But again, that’s not really why most people want to talk to someone when they’re feeling overwhelmed by emotion.

They want to talk because they want to feel heard.

They want to talk because they feel alone, and confused, and are having a hard time sorting out what is going on with their brains.

They want to talk because they need a sounding board.

And the lesson I took from my days at the Listening Ear is, the best thing to do when someone wants to talk is to listen.

That’s it. Just, listen.

Actively if you can — letting the person know you’re there, acknowledging the emotions you’re picking up from them, paraphrasing once in awhile to confirm you’re understanding their side of the story. But otherwise, shutting up and taking in the totality of what they’ve decided to share with you.

It’s harder to do than I thought, when I first started, but so much more rewarding and helpful than I’d ever imagined.

It completely altered the way I interacted with the people in my life, and my self-awareness of what I want from my friends when I’m in a jam. And I’m so glad it did.

Cross-Cultural Listening

Just a few thoughts on this topic, because I love it enough to want to mention it, but I know it could take up a whole blog of its own (and I don’t mean just a single post).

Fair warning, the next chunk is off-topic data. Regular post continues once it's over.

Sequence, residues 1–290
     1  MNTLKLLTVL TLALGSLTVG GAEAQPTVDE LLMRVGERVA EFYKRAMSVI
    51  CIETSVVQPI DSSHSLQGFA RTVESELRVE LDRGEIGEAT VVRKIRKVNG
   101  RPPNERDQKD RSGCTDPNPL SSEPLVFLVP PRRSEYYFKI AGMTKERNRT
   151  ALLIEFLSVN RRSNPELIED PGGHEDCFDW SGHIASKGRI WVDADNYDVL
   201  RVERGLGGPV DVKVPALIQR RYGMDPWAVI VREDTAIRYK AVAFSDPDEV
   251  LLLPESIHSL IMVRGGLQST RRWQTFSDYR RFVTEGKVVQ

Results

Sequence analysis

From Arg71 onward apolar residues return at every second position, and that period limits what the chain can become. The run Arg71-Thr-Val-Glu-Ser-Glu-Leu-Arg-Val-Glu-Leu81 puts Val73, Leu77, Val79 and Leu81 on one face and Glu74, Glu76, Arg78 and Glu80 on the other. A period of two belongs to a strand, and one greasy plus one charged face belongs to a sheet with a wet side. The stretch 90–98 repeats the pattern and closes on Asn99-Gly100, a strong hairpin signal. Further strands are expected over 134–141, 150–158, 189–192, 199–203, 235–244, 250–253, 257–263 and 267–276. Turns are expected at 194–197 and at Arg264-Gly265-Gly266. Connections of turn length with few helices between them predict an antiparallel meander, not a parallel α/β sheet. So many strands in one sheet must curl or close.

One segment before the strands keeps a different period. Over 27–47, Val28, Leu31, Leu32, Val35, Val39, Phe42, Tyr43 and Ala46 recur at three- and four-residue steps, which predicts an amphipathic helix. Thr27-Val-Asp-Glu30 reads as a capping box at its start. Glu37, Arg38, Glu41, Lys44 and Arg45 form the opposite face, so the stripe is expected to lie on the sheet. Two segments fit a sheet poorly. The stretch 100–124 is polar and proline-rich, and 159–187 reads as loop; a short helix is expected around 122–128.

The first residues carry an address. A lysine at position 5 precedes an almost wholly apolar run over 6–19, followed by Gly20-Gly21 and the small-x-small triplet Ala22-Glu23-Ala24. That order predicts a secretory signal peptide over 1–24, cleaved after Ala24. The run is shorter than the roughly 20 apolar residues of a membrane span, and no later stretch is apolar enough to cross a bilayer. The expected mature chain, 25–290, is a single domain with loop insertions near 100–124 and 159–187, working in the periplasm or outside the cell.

The act of listening to another person happens all the world ’round. It is inherent to communication, no matter where you live and what language you speak. But the manner in which we listen? Hoo boy, that’s a whole different ballgame.

In Japan it’s polite to use aizuchi, which are sounds that show you are actively listening to another person. Here we call it “backchanneling”. (And I absolutely adore it.)

European countries have significantly more conversation response overlap when someone is speaking (often perceived by the other countries as rudely interrupting).

Even the content of the speaker’s words is interpreted differently across cultures — Asian and Arab cultures are more focused on how something is said (the environment where the dialogue is happening, the tone, who is involved in the conversation and how their status compares to the speaker). Western cultures are all about the “what”, sans context.

Of course I’d be remiss to not mention that the things we can “listen” to are not only audible but physical. Words and tone alone aren’t what makes for communication — expression is a full-body experience, and the skilled listener pays attention to it all. This is true no matter what part of the globe you reside in.